How to Ensure All is Forgiven Under the Paycheck Protection Program

When it comes to Paycheck Protection Program (PPP) loans, forgiveness is more complicated than you think.

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While you may have done nothing wrong, you still need to seek forgiveness or pay the price. At least, that’s the case if you borrowed money from the Small Business Administration (SBA) and participated in the 24-week Paycheck Protection Program (PPP) designed to provide funding to keep workers employed.

It appears that contractors as a group were one of the largest industry segments to receive funds — $64 billion at last count. Consequently, you can expect SBA oversight to be somewhat more intensive with this group.

Hopefully, you complied with all the PPP rules when applying for the loan by actually spending time to understand what the funds could be used for. What excited most business owners is the expectation of not having to repay the loan if regulations were followed. Even if you do not qualify for 100% forgiveness, the outstanding balance becomes a 5-year loan at 1% interest.

It appears the forgiveness side of the equation is more complicated than the funding segment. The borrower needs to match any qualified expenses to the amounts used in the loan application following the forgiveness regulations.

Importance of Payroll Data

Hopefully, you used a payroll service that can provide the payroll data needed to measure your actual 24-week qualified payroll amount against the loan request. This can get a little complicated, especially in your business, and may take some homework to get it right. Get it wrong and you may wind up with a 5-year loan you did not expect to incur.

The most important part of the forgiveness program deals with payroll because the funding is primarily geared to keeping people employed. To that end, loan forgiveness will be reduced if you lowered wages by more than 25% or failed to maintain the number of full-time equivalent (FTE) employees during the period as compared to the previous period used in the loan application. Given what is happening in the market, I know of many instances where lowering pay or laying off personnel is a must even though you applied for funding.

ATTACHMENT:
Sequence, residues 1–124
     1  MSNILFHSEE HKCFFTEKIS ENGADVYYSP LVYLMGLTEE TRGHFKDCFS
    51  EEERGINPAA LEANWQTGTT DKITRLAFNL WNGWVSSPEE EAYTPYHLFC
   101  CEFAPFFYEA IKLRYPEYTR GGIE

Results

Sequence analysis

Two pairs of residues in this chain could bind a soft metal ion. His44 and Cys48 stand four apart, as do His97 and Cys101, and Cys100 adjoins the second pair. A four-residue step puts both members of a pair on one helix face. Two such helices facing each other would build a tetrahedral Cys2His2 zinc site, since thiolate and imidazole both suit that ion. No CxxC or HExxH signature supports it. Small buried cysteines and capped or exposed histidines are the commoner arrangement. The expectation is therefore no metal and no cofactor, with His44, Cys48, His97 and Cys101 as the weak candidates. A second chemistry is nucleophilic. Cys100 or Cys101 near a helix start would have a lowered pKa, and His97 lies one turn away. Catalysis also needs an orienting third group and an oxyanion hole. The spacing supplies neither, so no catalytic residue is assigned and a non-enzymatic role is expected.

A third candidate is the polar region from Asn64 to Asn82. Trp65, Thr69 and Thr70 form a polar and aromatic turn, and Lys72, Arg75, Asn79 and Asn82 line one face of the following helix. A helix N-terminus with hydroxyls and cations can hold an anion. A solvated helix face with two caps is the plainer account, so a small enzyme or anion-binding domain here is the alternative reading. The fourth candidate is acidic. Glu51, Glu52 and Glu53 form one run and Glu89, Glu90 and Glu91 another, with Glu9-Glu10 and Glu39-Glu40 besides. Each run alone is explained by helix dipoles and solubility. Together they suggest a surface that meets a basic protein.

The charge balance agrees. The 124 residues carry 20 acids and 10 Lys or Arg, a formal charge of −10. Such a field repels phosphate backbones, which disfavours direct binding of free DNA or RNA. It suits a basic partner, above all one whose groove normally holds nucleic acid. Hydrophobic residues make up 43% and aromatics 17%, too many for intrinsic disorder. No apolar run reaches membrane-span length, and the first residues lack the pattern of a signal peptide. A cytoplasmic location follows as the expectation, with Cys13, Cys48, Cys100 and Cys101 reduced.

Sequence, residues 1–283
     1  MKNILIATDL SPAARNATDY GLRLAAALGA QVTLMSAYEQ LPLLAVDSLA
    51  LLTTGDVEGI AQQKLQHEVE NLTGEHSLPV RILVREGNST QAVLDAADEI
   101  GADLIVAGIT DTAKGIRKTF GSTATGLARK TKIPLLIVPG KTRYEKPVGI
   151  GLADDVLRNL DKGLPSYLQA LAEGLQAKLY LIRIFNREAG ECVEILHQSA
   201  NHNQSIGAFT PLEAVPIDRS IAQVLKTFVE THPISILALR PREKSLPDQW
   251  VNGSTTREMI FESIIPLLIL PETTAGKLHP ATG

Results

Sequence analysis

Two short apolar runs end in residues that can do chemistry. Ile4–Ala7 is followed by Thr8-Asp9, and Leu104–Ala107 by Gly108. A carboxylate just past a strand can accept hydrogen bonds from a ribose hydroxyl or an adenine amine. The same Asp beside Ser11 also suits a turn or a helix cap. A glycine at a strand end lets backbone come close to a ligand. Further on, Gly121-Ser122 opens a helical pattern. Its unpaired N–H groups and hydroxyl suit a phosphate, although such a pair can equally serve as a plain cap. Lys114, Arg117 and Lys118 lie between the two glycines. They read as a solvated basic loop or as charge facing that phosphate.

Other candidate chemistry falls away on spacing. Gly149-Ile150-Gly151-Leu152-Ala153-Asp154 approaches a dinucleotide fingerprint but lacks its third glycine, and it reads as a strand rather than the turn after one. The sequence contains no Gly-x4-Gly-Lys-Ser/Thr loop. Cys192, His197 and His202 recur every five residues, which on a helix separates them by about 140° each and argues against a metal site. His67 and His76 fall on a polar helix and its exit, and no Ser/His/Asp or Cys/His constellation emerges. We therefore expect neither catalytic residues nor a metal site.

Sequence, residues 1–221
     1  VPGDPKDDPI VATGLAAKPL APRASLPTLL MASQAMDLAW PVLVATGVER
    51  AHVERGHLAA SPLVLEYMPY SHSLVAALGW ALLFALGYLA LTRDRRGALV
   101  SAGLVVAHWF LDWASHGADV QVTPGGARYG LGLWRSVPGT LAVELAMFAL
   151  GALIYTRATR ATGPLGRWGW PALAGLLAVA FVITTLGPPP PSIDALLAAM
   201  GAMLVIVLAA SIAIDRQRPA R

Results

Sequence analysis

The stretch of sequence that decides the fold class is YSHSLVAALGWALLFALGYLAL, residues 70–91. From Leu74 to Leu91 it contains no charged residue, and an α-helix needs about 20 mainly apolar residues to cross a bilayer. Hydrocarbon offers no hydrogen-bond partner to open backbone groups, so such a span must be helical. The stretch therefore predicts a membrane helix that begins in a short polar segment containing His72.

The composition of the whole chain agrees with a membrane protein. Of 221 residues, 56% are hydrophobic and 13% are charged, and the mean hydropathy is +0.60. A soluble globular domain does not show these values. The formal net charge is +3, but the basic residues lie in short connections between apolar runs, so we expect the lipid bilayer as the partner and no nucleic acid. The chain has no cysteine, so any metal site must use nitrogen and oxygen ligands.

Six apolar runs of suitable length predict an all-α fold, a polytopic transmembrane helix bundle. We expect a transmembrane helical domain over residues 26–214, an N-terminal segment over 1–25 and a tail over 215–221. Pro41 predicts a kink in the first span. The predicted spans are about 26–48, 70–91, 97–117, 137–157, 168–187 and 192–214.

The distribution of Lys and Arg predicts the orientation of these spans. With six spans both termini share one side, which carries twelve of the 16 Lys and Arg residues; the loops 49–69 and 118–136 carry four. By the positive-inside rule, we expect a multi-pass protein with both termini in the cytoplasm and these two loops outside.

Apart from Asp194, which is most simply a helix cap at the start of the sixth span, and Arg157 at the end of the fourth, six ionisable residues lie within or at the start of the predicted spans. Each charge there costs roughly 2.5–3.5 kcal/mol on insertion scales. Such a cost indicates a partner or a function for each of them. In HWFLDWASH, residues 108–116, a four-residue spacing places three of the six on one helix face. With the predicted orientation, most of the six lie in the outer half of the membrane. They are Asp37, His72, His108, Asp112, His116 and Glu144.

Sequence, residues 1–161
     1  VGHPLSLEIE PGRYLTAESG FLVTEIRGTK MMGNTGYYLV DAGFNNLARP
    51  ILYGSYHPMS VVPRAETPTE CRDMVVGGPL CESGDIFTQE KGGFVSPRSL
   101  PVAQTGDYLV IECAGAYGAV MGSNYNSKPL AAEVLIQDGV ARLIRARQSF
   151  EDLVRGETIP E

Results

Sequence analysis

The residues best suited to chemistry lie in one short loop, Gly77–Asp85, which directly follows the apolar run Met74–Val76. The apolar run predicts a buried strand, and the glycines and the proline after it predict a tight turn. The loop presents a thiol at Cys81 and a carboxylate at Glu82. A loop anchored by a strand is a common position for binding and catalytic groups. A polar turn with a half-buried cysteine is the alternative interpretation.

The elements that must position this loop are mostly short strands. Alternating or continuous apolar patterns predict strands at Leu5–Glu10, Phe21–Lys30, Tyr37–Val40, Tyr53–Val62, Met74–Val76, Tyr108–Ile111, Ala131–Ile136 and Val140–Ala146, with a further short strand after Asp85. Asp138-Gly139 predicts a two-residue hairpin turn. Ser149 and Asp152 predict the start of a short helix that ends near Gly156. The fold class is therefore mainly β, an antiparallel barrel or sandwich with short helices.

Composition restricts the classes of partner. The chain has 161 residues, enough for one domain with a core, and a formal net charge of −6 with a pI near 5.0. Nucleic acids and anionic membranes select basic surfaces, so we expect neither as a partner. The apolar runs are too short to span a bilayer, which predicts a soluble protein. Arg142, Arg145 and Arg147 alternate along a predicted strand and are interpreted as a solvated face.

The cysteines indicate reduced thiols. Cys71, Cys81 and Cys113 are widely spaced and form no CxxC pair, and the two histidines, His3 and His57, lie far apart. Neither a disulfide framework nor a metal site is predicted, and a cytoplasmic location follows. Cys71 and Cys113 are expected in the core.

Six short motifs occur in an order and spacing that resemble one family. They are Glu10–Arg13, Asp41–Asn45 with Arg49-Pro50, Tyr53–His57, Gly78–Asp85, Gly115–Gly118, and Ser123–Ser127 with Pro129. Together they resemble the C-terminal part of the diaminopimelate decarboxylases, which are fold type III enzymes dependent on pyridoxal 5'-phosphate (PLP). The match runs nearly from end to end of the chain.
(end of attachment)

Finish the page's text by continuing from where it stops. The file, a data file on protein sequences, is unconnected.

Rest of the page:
There are, however, exceptions to the rules:

  • If the contractor can prove government or public agency mandates prevented full operations — e.g., a region is shut down or jobs are put on hold related to COVID-19
  • If the contractor tried to rehire a furloughed employee in good faith but the employee declined
  • If a contractor tried to fill an open position but was unable to by December 21, 2020
  • If the employee voluntarily resigned or was fired for cause

The payroll service can run payroll data to determine if you fall into any of these pitfalls, and in many cases, can help you understand what the reports say and why they turned out the way they did.

Can You Prove You Needed the Money?

As part of PPP applications, the borrower needed to certify that ongoing economic uncertainty made the loan a necessity to continue operations. You may need to demonstrate that fact. In other words, did you really not have access to capital and need the PPP funds?

What makes this question interesting is the fact that contractors may have needed to conserve cash or build reserves for committed obligations like pension funds or a job scheduled to start in the future. Be prepared to address these issues.

However, if you borrowed $50,000 (subject to affiliated group rules) or less, this is your lucky day because a new interim SBA rule says you are exempt from any reductions in forgiveness based on reductions in FTE employees and in employee salaries or wages. But for the rest of you, the rules previously stated apply.

At a minimum, construction companies should be prepared to produce:

  • payroll processing records
  • payroll tax filings
  • Form 1099 for self-employed construction owners
  • bank records
  • utility, mortgage and/or rent statements
  • lease agreements
  • PPP application forms and supporting documents

Finally, the loan proceeds are not taxable. However, expenses that normally would be a deductible expense and have been forgiven are not deductible. So, there could be a difference between what is forgiven and what is no longer deductible.

PPP forgiveness helps you, your company and your employees. If you find yourself behind the ball regarding this process, ask your accountant or banker for help. 

Garry Bartecki is the managing member of GB Financial Services LLP and a consultant to the Associated Equipment Distributors. He can be reached at (708) 347-9109 or gbartecki@comcast.net.

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